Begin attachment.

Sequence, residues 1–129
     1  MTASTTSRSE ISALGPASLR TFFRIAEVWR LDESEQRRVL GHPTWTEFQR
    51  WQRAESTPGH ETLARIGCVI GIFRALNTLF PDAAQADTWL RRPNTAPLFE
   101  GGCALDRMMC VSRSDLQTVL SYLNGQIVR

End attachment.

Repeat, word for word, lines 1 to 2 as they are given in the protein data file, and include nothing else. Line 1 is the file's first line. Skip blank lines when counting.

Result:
Sequence, residues 1–129
     1  MTASTTSRSE ISALGPASLR TFFRIAEVWR LDESEQRRVL GHPTWTEFQR